How could such a thing take place without anyone intervening? Well, whether or not an actual genocide is taking place has been quite a controversial topic, especially since the current leader of the country, Aung San Suu Kyi denies there is a genocide taking place, despite people referring to the horrendous acts against the Rohingya people can be equated to an ethnic cleansing. An article on bbc.com entitled “Myanmar says ‘no evidence’ of Rohingya genocide” explained, “(The government in Myanmar) dismissed allegations of genocide on the basis that there are still Rohingya Muslims living in Rakhine and that Islamic religious buildings have not been destroyed. It said it had so far found ‘insufficient evidence’ that anyone had been raped by security forces, despite widespread claims. Accusations of arson, arbitrary arrest and torture are still being investigated.” The article also explains that there have been allegation of militant government forces targeting Rohingya civilians and killing them as punishment and retaliation for attacks by Rohingya rebels.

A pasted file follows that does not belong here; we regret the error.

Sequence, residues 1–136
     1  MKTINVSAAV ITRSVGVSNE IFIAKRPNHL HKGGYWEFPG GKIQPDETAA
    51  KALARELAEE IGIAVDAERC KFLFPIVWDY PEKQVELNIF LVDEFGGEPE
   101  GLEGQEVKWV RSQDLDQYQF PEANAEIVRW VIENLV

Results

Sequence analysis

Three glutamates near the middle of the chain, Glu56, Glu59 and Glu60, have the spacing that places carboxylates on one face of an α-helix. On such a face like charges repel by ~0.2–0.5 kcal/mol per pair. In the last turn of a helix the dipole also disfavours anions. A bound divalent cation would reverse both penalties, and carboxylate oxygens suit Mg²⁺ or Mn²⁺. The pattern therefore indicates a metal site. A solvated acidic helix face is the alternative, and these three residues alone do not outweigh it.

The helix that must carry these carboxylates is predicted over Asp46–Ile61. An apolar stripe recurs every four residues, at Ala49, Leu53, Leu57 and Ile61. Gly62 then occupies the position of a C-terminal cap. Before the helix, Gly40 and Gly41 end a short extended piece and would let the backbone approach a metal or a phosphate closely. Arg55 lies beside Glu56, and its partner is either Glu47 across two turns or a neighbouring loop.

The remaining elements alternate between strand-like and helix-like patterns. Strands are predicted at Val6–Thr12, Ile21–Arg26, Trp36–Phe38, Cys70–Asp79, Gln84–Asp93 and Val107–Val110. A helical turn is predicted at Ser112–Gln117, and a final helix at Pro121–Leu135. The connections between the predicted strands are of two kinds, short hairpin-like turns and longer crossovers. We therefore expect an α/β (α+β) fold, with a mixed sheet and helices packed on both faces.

How could such a devastating terror take place for an entire group of people and most of the world not know? Did you hear about the three Muslim family members who were murdered in February of 2015 over an argument about parking? How about the woman in New York City who had her hijab set on fire in a “possible hate crime” in September of 2016? Most people would not be able to identify these stories, all of which were captured and shared publicly by reliable news sources such as The New York Times, The Washington Post and NPR. It is quite clear there has been a growing trend of violence against Muslims both within the United States and globally. Yet, if these things are being covered by such prominent ad well-known news sources, why aren’t these stories more widely known? Perhaps because bigger headlines read about terror attacks in Paris or Boston or even Syria, Iraq or Afghanistan carried out by the notorious terrorist group ISIS make up most of the news regarding the Muslim community. This sort of coverage leaves a very strong message about Islam and those who practice the religion in people’s’ minds and that message is almost always the idea that Islam is a very violent religion and Muslim are extremists who look to oppress anyone who goes against them. Much like the Rohingya people in Myanmar, this sort of majority thinking victimizes the minority group: Muslims.